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Oculus not doing developers a service, says HTC Vive

Rikard Steiber and Joel Breton explain the HTC Vive approach to VR, which differs quite a bit from Oculus

In the high-end PC virtual reality market today, there are basically two choices for developers: Oculus Rift and HTC Vive. While there are some technological differences between the headsets, on the whole the VR games on each are rather similar. The approaches to the market from the companies behind these devices couldn't be more different, however. This became abundantly clear to me after sitting down at GDC last month first with Oculus head of content Jason Rubin and then HTC Vive's Rikard Steiber (president of Viveport) and Joel Breton (vice president of global content).

While Oculus repeatedly has stressed the importance of lowering price (and indeed, was the first to do so during GDC week), Vive appears to be reluctant to lower its headset price, instead offering consumers a zero percent interest financing option. "For $40 per month you can get the Vive now," notes Steiber. "If you are a gamer and already have the high-end PC but you don't have the $800 to get VR you can get it now... so we're trying to make it easier."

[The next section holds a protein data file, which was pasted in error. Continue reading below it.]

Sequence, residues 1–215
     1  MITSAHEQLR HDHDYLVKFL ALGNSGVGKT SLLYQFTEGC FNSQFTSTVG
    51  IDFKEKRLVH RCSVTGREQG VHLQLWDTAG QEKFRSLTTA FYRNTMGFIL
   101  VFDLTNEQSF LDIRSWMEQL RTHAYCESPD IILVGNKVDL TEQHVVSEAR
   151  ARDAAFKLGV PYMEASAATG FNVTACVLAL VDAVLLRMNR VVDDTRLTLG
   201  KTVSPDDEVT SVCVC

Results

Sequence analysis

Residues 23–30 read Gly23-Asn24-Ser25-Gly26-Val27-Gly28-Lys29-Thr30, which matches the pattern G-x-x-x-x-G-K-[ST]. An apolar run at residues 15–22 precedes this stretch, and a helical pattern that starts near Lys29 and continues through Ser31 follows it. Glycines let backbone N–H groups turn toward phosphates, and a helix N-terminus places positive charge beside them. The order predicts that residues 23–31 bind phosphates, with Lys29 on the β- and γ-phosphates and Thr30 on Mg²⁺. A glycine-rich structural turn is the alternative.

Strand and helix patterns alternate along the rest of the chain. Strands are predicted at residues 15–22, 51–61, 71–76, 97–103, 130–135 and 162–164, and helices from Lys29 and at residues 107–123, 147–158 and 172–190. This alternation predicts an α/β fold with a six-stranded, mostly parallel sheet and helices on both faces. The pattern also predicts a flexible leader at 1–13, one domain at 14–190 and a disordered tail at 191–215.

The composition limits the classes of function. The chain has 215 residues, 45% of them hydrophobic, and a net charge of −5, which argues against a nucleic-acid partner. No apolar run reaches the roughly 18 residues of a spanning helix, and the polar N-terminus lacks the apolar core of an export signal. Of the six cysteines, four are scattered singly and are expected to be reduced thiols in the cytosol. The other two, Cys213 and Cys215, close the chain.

Steiber believes that by making sure the VR ecosystem on Vive has great content experiences, consumers won't mind paying a premium. He makes an analogy to the smartphone marketplace: "We don't mind paying a certain amount each year to have the latest phone or something and I do think something similar will happen with VR as well."

As the VR space continues to ramp up in the next few years, could we see more incremental upgrades with new headsets in the same way that better phones launch each year? "I can't comment on future product launches. But of course I think that what we've seen in general with consumer electronics is it's becoming more affordable once you hit critical mass. We intend to be leaders in this space for years and years to come and will do what's needed to make that happen," Steiber adds.